Give Speeches, Run Fast

How Coach Fullenkamp is Perfecting Sports Oration


People don’t give enough credit to speeches. Or to good ones, at least. We have coaches nowadays who are coming up with convoluted strategies, leg maneuvers, and swerve shots, all  to maximize the performance of their players. But there’s a difference between the performance of the heart and the performance of the bicep. Andy Reid can make his team drill crip shots and backward passes from dawn till dusk, but if he wants his team to play hard, he has to get up there and tell them. Speeches are the key. As long as athletes are flesh and blood, this will be the case.

In the face of all this speech skepticism, there is someone at this school who knows the truth. Enloe Track and Cross-Country coach Brian Fullenkamp, lovingly referred to by his pupils as “FK,” has a reputation for being a skilled orator. He is known by his track and field team for both having a knack for giving speeches and having the capability to motivate his athletes. “He brings out the best in people” junior varsity runner Gabe Sonawane said. It makes sense: when you coach a popular sport at a school of more than two thousand students, the only way to touch every heart simultaneously is the voice.

Instead of basing his speeches on vague idealism or tribalistic win-lose demagoguery, FK anchors himself upon the honest pillar of reality. “Most of my speeches―inspirational, motivational, whatever you want to call them, come from real life experiences
” he said. He added that “more than anything, the speeches that teachers try to do are based on experience, because they are seeing a student that reminds them of themselves, and they don’t want the student to make that same bad mistake.” That concept, the idea of passing down life lessons, is the foundation of popular parables like The Emperor’s New Clothes. A charismatic coach is a storyteller, not a preacher.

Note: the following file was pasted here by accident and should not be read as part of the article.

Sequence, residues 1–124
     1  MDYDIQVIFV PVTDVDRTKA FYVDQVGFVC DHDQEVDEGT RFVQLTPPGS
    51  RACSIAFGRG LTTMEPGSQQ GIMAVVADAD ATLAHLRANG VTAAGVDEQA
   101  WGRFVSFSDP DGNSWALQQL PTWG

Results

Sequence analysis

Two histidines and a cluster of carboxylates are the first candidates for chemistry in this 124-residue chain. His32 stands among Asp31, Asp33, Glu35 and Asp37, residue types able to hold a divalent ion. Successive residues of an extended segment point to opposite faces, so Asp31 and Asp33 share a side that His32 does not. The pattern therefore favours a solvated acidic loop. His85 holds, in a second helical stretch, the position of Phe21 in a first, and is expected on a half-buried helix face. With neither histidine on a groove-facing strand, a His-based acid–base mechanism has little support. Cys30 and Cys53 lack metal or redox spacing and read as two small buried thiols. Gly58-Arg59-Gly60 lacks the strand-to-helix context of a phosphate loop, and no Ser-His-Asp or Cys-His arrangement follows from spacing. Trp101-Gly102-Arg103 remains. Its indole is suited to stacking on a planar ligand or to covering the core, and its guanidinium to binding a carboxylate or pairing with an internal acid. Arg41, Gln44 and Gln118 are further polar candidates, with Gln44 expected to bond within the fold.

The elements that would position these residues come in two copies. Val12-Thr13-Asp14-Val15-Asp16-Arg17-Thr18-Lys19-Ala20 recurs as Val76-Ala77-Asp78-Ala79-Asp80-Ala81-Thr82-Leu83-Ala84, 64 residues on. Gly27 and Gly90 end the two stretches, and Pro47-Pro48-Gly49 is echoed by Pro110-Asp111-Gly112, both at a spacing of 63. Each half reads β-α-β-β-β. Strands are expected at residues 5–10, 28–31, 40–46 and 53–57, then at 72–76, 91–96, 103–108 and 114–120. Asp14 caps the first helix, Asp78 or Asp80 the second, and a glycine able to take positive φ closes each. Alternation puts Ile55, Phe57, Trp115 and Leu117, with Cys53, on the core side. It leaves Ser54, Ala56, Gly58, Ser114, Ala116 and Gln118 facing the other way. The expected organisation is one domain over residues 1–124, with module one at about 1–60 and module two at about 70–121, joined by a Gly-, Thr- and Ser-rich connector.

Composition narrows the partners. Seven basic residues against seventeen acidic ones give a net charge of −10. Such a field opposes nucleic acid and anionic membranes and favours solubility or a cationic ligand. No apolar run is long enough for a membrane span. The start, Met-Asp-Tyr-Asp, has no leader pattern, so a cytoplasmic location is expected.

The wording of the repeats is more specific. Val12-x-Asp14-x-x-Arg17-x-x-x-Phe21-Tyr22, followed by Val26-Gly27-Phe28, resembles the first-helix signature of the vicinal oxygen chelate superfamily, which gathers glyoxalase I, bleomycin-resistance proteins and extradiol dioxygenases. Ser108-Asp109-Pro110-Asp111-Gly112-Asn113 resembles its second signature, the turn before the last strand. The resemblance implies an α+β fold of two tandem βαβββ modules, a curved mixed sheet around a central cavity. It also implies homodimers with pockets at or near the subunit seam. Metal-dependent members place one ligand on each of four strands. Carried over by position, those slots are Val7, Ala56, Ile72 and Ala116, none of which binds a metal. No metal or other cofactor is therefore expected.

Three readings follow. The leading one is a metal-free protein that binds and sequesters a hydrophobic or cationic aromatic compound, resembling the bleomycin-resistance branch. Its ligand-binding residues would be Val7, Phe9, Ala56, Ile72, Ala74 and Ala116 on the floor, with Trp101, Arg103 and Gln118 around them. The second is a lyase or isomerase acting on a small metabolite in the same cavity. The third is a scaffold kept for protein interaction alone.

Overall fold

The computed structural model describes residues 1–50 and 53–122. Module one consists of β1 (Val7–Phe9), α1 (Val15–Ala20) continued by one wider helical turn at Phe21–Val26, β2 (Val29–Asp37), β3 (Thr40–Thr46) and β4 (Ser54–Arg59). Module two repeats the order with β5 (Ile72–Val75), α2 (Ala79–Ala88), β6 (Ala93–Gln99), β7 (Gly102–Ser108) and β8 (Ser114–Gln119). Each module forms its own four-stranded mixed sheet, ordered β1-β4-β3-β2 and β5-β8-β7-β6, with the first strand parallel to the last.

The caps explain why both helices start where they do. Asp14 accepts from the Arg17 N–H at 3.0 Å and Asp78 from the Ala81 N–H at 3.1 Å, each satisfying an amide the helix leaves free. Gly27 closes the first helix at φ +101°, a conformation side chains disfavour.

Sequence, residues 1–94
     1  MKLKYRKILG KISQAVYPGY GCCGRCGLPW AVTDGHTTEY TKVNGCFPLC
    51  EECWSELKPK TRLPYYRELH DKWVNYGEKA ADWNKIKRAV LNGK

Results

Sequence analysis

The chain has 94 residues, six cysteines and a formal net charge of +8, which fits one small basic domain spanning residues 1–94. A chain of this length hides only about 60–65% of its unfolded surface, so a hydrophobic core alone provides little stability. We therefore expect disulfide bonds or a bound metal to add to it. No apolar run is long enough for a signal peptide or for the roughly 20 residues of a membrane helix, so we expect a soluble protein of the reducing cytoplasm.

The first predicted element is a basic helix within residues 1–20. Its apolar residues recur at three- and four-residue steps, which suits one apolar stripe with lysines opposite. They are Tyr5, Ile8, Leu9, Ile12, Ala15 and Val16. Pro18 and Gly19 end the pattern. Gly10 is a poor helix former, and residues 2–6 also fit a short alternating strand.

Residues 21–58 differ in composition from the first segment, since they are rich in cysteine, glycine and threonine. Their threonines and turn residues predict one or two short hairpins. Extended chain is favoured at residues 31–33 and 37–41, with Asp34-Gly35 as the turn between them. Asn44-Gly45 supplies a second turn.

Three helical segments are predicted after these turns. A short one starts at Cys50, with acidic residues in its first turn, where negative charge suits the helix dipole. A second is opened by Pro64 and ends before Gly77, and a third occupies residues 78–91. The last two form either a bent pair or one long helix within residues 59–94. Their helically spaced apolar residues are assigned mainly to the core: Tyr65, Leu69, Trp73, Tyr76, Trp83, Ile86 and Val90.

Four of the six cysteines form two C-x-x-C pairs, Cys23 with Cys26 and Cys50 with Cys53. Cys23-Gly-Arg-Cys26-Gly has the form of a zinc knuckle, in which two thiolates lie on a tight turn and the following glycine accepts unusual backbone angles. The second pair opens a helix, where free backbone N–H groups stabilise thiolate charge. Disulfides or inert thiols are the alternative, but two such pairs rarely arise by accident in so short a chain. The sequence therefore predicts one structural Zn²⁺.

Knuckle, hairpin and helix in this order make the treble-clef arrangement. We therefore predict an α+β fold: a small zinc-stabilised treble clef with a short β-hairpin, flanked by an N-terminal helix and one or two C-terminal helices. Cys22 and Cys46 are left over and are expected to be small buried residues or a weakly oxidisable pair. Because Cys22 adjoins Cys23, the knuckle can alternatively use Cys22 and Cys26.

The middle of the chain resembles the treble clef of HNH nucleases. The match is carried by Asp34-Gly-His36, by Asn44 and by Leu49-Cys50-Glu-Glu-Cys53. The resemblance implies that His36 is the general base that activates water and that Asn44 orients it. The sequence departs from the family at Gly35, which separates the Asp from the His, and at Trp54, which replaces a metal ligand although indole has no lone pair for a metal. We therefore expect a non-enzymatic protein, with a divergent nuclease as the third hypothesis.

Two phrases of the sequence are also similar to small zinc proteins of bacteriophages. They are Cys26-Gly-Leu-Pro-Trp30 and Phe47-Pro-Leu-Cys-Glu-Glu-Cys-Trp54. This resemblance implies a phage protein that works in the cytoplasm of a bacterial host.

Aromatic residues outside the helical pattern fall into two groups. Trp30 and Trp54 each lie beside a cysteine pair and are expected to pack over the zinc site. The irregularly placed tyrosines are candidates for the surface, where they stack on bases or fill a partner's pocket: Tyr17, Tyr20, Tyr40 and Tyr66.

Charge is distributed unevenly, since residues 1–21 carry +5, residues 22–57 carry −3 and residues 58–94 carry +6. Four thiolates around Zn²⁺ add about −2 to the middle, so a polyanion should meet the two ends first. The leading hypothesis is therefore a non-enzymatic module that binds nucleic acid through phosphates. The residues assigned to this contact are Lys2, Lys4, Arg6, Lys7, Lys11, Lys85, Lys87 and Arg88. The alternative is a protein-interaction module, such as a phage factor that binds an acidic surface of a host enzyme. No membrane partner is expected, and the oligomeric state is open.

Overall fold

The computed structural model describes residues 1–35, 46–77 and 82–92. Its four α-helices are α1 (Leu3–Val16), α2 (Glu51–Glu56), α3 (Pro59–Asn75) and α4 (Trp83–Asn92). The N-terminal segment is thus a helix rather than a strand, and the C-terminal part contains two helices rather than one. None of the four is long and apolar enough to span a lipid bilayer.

Most of my speeches―inspirational, motivational, whatever you want to call them, come from real life experiences.

— Mr. Fullenkamp

Good speeches are like echoes, reverberating faintly through the heads of their recipients for months. Even when it may not seem like it, a good speech never falls on deaf ears. FK was asked if, in the course of his coaching career,  he had students who directly responded to his speeches. “I’ve had some that didn’t mean anything to people, but they came back afterward a year later, so it meant something to them at that moment in time or they realized it was correct” he said. It’s clear his pupils felt echoes. And not only that, they responded to those echoes by shifting their worldview. This is an example of the kind of speaking strategy which builds a team and not a crip shot machine.

“The greatest advantage of an orator is not only to speak the necessary but also not to speak the unnecessary.” This quote is attributed to the ancient Roman orator Cicero, who is regarded as one of the greatest of his kind. In contrast to aimless speeches about athletic technique, the focus on real-world anecdotes which permeates FKs speeches is absolutely “necessary.” Sports are played both on and off the field, and we need more FKs who recognize that. Let’s go track and cross-country, keep making your coach and your school proud!